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‘Suitcase Killer’ Heather Mack ‘Fearful’ Of Returning To U.S. After Nearly A Decade In Indonesian Prison

“I think that I am kind, and I have become a peacemaker in the jail, which is a strange thing for a murderer to say,” Heather Mack said ahead of her pending release.

By Dorian Geiger
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A Chicago woman who killed her mother and stuffed the woman’s body in a suitcase at an upscale hotel in Indonesia is “scared” to return to the United States after serving nearly a decade in prison overseas.

Heather Mack, who along with her boyfriend, Tommy Schaefer, was convicted in Indonesia in 2015 in the brutal slaying of Mack’s mother, whose remains were recovered from a bloody suitcase. 

In 2014, Schaefer fatally bludgeoned 62-year-old Sheila von Wiese-Mack with a metal fruit bowl in a luxury St. Regis hotel room in Bali, the Associated Press reported. The couple later put Wiese-Mack’s body in a suitcase and fled the property in a taxi cab. Mack and Schaefer were arrested after the driver tipped off authorities. They were arrested shortly after at another nearby hotel, according to the Chicago Tribune. 

Von Wiese-Mack suffocated because of a broken nose, according to an autopsy. 

Schaefer was sentenced to 18 years in prison. Mack received a decade for her role in her mother's gruesome slaying. 

Heather Mack Pd

Indonesian officials recently approved Mack’s early release, WGN-TV reported. She’s scheduled to go free in October. Mack, though, who gave birth behind bars, says she’s afraid for her and her daughter.

“I am fearful and nervous of returning to Chicago,” Mack recently told the New York Post. “I’m not worried about the idea that people cannot understand the tragedy for my sake. But I’m nervous for [my daughter] Stella. I’m scared that if she comes back to the States with me, she will be exposed to what happened.”

Mack’s daughter, Stella, now 6, has been living with a foster family in Bali since she was 2 years old. She’s now debating whether to bring the young girl back to the U.S., or to leave her in the Indonesian family’s care. 

“I could not have wished for a better family to raise her,” Mack added. “However, it’s hard not being with her, particularly when she is sick or for important moments like graduating kindergarten.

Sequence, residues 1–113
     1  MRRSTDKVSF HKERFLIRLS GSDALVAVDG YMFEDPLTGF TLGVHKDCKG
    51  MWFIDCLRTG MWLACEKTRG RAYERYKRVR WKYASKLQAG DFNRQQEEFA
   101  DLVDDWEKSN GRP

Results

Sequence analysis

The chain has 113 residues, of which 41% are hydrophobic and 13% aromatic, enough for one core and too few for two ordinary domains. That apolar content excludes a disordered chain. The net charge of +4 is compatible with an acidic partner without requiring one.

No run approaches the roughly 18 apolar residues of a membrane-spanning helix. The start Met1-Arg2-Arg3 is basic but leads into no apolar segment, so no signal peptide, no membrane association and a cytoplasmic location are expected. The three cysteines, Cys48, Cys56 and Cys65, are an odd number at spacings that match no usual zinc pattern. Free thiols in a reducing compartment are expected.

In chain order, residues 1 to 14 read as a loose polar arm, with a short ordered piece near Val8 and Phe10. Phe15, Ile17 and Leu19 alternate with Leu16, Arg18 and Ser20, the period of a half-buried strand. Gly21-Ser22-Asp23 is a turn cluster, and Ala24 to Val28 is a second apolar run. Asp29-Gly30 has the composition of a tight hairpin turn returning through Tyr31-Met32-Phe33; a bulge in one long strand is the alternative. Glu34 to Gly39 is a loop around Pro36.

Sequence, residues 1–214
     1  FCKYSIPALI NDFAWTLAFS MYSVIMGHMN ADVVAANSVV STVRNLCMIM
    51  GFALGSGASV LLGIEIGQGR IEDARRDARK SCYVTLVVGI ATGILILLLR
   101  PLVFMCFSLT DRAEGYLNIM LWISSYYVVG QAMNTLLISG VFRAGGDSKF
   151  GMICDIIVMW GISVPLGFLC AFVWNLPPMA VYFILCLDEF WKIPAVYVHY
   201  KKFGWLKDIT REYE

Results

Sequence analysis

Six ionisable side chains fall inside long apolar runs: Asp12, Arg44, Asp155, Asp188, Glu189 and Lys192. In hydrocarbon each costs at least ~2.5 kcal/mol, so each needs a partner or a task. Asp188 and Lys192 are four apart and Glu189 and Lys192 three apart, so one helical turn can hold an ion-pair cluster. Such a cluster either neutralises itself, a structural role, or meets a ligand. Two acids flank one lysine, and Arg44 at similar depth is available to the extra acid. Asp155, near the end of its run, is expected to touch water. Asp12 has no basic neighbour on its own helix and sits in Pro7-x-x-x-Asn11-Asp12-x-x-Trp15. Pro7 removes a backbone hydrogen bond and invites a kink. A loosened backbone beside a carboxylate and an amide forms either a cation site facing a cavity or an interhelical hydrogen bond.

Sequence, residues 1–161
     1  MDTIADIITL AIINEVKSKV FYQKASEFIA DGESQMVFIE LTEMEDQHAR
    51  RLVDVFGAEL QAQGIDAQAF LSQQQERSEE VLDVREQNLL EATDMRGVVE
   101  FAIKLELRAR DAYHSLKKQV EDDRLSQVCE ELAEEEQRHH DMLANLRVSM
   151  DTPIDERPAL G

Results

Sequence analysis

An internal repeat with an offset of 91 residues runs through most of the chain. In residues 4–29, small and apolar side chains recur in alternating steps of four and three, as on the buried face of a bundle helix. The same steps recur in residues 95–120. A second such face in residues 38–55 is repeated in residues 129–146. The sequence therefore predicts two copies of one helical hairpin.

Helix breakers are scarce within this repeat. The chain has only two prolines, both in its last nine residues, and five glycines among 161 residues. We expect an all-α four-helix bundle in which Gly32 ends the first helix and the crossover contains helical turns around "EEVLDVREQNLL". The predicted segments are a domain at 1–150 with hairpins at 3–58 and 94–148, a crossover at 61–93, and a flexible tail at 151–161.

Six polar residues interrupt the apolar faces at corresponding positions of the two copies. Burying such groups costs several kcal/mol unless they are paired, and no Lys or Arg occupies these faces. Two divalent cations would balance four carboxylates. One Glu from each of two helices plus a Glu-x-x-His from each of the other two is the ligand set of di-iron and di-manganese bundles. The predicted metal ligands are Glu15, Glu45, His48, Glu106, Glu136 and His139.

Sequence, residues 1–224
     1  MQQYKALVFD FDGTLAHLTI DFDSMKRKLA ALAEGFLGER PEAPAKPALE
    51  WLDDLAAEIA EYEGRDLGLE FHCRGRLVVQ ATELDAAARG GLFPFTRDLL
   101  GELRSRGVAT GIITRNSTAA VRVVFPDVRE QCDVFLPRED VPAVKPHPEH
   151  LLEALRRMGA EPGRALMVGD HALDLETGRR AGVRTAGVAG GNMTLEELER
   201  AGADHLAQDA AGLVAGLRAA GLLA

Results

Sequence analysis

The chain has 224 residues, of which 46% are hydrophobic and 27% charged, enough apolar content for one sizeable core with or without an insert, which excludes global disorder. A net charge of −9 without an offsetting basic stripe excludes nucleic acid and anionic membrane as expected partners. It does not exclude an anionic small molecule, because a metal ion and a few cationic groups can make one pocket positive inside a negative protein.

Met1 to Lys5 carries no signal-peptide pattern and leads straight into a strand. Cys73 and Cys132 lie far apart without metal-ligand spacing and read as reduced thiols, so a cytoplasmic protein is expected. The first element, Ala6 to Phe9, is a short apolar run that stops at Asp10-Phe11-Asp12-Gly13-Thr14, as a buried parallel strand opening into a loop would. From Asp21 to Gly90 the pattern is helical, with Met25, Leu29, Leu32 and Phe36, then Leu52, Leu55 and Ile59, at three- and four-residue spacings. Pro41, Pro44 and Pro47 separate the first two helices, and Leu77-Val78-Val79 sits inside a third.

Mack, now 25, however, said her daughter is unaware as to why she’d been locked up.

“I absolutely regret what happened,” Mack explained. "I loved my mom — I still do.  She wasn’t evil, and she didn’t deserve to die the way she did. I didn’t kill her for money. It was for my freedom and Stella’s freedom, or so I thought at the time. I think of her a thousand times a day.”

Mack said she’s maintained a relationship with her daughter over video calls while she’s been incarcerated.

“Out of seven years in jail, the hardest part has been the past 18 months because I have not seen Stella,” Mack stated. “Video-calling Stella three times a week from the prison phone is my only option. I’m grateful I can do that.”

In 2017, Mack confessed to killing her mother in a startling video uploaded to YouTube. In the self-recorded footage, Mack said she had no qualms about her role in the hotel killing.

“I don’t regret killing my mother…I made it up in my heart, in my mind, in my soul, in my blood, in the oxygen running through my body that I wanted to kill my mother,” Mack told the camera. 

Mack also claimed her mother killed her father in Greece when she was a child, which fueled her own plot to end her mother’s life. She also repeatedly apologized to Schaefer in the widely viewed video — and absolved him of any involvement. 

Mack’s father, James Mack, was an acclaimed jazz musician and composer, according to the Guardian. 

While in prison, Mack’s relaxed detention conditions were criticized after a video of her participating in a group dance class went viral.

According to prison officials, Mack has worked as a choreographer for prison dance classes, is a fitness coach, and also participates in a choir group.

“Heather has never been violent to other prisoners or the guards and is a helpful aid in daily life,” Mrs. Lili, chief of the women’s prison, told the New York Post. “She teaches Zumba classes daily, conducts dances for special festivals and participates in the spiritual life.”

Mack will reportedly plans to return to Chicago and live with a friend. In 2018, she relinquished her mother’s $1.56 million estate to her daughter. 

“I think that I am kind, and I have become a peacemaker in the jail, which is a strange thing for a murderer to say,” Mack said.

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